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A Step by Step Guide to Planning Your First Trip to India

1. Start researching where you want to go

Frenzied, bewildering, inebriating, crazy, maddening, wonderful, squalid, beautiful, daunting, overwhelming, and fantastic. India is all of these things, and more. When planning a trip to India it’s easy to feel overwhelmed by a vast and diverse culture. Most of the travellers don’t even know where to begin their research or know where to go. In a vast country like India, a country of diverse culture and landscape, just opening can feel overwhelming. How can you possibly prepare yourself? We are the best tour operators in India, will help you prepare with our tips for taking the ultimate travel plunge: going to India for the first time. In trip planning, the most important thing is picking the perfect route.

2. Decide when to travel to India

The major part of India is tropical and is influenced by three principle seasons; summer, winter and monsoon. India really is a vast sub-continent and as such weather changes considerably alter where you should go. Generally speaking for most areas the best time to visit India is in the winter from November to March as cooler temperatures make voyaging more pleasant. From March the climate begins to get entirely hot, the heat and humidity of April and May do not make for a pleasant travel experience and the monsoon rains come from June –September.

Nonetheless, in the event that you intend to go in the far North or Himalayan districts winter would be excessively cool – contrary to popular belief it is not always hot in India and it does snow! On the off chance that you wanted to visit territories like Leh and Ladakh the best time to do this is in the Summer.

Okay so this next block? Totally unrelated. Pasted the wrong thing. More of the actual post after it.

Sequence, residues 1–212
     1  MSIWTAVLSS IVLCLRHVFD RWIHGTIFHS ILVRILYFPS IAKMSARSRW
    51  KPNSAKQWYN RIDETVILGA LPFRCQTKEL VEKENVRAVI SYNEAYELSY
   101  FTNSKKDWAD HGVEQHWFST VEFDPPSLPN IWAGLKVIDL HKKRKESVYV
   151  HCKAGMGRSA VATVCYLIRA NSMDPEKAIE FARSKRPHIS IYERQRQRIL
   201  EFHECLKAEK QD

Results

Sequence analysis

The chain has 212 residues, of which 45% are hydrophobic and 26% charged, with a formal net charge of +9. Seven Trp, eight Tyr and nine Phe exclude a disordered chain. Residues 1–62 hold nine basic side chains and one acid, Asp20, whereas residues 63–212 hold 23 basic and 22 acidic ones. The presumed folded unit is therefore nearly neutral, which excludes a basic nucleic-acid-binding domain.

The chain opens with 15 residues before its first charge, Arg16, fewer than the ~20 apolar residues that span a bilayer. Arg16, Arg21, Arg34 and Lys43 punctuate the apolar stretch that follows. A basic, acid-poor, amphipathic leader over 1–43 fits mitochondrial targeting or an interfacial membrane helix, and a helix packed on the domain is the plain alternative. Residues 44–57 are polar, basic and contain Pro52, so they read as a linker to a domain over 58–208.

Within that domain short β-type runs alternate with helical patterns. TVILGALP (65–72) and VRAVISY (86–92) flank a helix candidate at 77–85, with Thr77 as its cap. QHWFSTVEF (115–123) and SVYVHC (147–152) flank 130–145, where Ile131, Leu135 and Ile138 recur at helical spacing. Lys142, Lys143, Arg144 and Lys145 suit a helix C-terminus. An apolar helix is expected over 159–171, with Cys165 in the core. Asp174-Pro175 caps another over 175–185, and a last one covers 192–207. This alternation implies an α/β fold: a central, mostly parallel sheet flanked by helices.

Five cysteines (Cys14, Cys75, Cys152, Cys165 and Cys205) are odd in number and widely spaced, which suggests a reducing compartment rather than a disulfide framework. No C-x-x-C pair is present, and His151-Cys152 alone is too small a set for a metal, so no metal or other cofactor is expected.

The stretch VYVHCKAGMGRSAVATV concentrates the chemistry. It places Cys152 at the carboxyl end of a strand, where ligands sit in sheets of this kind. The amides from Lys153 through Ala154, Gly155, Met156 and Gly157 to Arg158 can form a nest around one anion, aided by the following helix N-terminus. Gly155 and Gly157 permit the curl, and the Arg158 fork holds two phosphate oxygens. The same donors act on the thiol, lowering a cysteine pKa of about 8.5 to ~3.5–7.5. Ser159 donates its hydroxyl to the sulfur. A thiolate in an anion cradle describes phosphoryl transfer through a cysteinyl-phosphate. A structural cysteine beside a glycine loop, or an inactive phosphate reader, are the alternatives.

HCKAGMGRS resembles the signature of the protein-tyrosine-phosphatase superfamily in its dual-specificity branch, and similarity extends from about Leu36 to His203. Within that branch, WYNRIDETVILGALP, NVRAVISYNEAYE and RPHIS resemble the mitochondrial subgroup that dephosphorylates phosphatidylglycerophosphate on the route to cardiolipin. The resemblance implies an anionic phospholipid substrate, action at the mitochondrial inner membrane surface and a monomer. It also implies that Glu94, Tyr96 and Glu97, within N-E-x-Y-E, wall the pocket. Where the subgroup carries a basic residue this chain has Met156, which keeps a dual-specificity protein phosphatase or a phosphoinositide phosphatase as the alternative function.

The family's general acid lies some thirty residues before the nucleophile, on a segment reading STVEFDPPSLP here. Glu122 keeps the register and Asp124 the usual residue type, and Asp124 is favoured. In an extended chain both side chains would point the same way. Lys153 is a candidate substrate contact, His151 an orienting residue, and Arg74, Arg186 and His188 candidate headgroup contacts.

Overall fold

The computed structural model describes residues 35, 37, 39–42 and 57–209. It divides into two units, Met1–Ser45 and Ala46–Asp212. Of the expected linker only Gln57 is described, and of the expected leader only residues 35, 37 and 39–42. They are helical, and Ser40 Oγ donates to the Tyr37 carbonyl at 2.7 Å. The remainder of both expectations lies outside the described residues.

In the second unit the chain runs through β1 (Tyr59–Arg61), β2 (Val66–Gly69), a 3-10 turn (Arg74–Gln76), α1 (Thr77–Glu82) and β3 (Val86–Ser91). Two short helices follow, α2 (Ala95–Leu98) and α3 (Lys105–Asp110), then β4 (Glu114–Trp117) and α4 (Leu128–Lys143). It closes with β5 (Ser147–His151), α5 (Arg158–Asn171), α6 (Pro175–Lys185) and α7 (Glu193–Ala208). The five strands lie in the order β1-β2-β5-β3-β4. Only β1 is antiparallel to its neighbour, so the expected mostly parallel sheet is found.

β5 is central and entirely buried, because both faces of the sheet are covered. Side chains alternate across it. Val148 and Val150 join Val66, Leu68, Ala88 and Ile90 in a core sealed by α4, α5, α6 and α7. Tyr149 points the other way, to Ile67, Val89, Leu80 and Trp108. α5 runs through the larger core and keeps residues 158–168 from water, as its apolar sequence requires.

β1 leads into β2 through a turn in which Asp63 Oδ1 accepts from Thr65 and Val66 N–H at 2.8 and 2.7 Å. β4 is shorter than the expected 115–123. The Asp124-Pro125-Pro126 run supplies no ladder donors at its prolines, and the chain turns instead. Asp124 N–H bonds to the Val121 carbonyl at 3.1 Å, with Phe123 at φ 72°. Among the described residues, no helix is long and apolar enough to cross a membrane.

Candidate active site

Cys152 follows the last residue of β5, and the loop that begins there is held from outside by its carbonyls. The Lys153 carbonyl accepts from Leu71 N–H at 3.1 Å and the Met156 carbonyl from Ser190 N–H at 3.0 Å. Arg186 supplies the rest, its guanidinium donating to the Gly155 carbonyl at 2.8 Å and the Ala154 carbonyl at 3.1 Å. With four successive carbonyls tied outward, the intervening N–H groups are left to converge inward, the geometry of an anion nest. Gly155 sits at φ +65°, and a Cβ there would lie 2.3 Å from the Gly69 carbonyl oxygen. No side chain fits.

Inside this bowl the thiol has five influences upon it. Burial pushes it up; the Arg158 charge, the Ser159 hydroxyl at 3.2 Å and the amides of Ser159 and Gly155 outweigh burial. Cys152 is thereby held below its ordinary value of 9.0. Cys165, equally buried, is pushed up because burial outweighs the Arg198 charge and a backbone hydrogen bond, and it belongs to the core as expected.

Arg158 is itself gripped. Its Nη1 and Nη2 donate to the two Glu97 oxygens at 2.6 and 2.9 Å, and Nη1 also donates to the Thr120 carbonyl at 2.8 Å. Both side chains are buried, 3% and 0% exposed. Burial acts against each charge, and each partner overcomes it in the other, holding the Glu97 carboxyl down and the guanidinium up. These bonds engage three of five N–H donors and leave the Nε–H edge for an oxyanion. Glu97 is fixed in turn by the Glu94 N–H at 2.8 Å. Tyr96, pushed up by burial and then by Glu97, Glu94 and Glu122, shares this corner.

3. Apply for a Tourist Visa for India

Abroad passport holders must apply for a visa before visiting India, even if you go for an E-Visa or Visa on Arrival. Few key things to note before we begin is that Indian tourist visas are valid from the date of issue not the date of your entry to India so being ready and applying months in advance will only waste the time on your visa.

Best way to apply for Indian tourist Visa or eVisa

Recently there has been a lot of talk of India introducing Visa on Arrival. This would be a great step towards increasing tourism in India but the visa on arrival is elusive – it is more of an E-Visa also known as electronic travel authority. You still have to apply for the visa in advance before you travel but it makes the visa process quicker and easier for short visits.

Citizens from 161 countries are eligible to apply online for an E Tourist Visa to India, including UK and Ireland, USA, Australia, Canada, New Zealand and many European Countries for entry through 24 airports and 3 Indian seaports. The seaports are Cochin, Goa and Mangalore. The cost of the E Visa varies with nationality. For UK citizens the cost of the E Visa has recently increased to USD $75 (about £54) plus a small admin charge. The application procedure is completely online, you can apply a minimum of 4 days before you travel to India.

You can apply for an E Visa to India on the government website; you then collect your visa on arrival at one of the major airports in India. Sounds simple but bear in a notice that there is still an awful lot of paperwork to fill out and if you make even a single mistake on the forms you could be rejected and have to apply all over again. The fee for the visa and for processing for the application is non-refundable, even if the visa is not approved.

However, if your parents or grandparents were native in Pakistan, sadly you will not be eligible to acquire an E-Tourist Visa irrespective of your current nationality so unfortunately, you will have to apply for a normal Tourist Visa.

4. Work out a budget for your trip to India

When you are travelling to India on a budget, then one of the essential things to consider is the cost of travelling to your chosen destination. So while planning a trip to India, probably the first thing that you will want to know is how much it will cost. Travelling in India is so affordable and it is still considered as one of the cheapest places to travel in the entire world. We care for you and have the best trip planner India for you to experience the holiness of our land. You could backpack around India for very little money and most backpackers and budget travellers here can travel comfortably and easily on a budget of $20 – $30 per day. Although, as India is modernising there are now many options to travel in more comfort with world-class luxury hotels and Western brands giving travellers the temptation to splurge.